Paul had some kind of painful affliction that he called “a thorn in the flesh”. He begged God to remove the pain. He asked not once, not twice, but three times before the God answered. And when God answered, it wasn’t the answer Paul was wanting. God did not take away the thorn; instead, God gave him the grace to cope with the pain. Therefore, Paul began to give God glory in the midst of his pain.

Persistence is an important factor in prayer. However, persistence is a valuable commodity for every area of our Christian life, not just prayer. God blesses those who persist. Therefore, whatever you may be facing right now, do not give up! This parable of Jesus concerning the widow and the dishonest judge is a story about encouragement. Jesus is saying, ‘Take heart. Don’t give up praying just because the times are hard’. ‘Keep on praying!’ Why? Because of the relationship that we have with God. Keep on praying because God is gracious and kind. Keep on praying, even if the whole situation looks hopeless in our eyes. Keep on praying because God loves us and is waiting to answer our prayers in a way that will be for our benefit. Keep on praying because God is willing and waiting to hear from us, and wants to apply his loving answer to every request we bring to him. Sometimes we may doubt, we may be angry, we may be upset, we may question “why?” but God is always there ready to listen.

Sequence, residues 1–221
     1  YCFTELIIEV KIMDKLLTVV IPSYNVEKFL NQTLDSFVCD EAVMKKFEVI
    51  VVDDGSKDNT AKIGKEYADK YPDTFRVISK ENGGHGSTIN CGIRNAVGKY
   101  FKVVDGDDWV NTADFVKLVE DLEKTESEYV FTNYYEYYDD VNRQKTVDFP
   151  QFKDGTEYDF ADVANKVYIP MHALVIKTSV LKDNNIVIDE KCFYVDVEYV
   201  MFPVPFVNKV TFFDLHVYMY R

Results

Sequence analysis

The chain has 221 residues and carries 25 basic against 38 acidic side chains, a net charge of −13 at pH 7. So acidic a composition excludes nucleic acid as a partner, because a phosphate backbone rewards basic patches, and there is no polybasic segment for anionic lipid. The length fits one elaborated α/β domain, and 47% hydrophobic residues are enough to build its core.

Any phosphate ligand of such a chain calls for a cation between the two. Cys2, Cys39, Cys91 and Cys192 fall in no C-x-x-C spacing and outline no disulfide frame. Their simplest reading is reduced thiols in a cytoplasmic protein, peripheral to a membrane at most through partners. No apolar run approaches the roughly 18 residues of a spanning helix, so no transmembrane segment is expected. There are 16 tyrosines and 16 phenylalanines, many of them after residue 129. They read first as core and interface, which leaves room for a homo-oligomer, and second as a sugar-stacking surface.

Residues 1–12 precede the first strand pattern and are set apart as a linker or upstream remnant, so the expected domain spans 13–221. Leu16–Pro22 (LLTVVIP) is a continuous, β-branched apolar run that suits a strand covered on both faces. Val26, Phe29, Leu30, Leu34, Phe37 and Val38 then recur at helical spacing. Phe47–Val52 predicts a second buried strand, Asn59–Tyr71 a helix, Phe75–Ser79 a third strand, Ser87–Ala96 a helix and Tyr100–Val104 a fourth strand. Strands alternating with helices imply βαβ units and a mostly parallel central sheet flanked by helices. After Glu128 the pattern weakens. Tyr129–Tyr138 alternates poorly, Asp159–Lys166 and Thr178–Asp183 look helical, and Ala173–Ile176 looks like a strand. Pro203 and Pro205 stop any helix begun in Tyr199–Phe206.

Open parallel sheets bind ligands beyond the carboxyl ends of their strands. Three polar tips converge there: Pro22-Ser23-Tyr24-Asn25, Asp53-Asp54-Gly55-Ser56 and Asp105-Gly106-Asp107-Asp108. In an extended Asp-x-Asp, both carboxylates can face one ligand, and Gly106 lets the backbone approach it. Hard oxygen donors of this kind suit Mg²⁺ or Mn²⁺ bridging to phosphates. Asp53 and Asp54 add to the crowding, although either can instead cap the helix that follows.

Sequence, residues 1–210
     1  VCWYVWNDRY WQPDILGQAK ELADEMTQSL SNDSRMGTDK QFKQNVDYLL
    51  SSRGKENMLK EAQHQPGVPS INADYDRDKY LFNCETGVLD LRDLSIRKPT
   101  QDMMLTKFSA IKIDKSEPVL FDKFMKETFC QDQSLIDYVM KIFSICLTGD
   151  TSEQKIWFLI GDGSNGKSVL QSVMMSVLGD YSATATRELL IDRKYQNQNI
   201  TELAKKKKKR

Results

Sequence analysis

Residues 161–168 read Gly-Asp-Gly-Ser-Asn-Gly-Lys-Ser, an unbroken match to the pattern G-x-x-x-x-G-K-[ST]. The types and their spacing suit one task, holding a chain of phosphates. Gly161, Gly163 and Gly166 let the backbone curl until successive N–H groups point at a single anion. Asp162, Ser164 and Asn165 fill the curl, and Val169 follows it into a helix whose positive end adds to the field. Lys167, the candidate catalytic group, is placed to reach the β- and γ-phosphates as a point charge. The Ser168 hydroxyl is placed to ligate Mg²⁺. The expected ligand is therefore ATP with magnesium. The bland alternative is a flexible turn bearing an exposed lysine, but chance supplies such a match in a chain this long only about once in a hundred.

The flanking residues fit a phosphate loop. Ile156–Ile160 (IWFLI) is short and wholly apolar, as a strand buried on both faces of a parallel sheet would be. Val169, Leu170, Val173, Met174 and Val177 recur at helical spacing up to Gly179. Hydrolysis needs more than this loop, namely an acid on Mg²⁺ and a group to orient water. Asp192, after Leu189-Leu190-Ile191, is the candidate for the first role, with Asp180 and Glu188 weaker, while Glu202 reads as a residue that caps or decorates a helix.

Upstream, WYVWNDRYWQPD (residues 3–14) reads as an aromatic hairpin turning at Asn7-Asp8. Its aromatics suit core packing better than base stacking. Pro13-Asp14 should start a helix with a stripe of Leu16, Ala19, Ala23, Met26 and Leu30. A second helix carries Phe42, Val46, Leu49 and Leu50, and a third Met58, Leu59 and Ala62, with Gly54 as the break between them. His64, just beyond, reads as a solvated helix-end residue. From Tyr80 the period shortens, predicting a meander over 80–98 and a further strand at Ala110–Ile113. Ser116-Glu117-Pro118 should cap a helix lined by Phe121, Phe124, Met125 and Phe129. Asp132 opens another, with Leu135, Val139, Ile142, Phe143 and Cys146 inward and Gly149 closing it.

One of the largest organizations in America is the Quitters Club. The reason you have never heard of the Quitters Club is because they never meet, the members quit coming. There are no dues, the members quit paying them. The Quitters Club is comprised of people who faced a tough job, a tough marriage, a tough sickness, or a tough failure; and they quit. When the going gets tough, the tough get going. However, when the going gets tough, the quitters get going…away. What we need in the church are people who will exhibit good, old-fashioned “sticktoitiveness.” That’s probably not even a word, but it needs to be!

My younger son Jon played football for years. I remember one game when he recovered a fumble and headed towards the goal line. He was carrying a couple of guys from the other team with him. He did not make it to the goal line; but he demonstrated persistence or “sticktoitiveness.”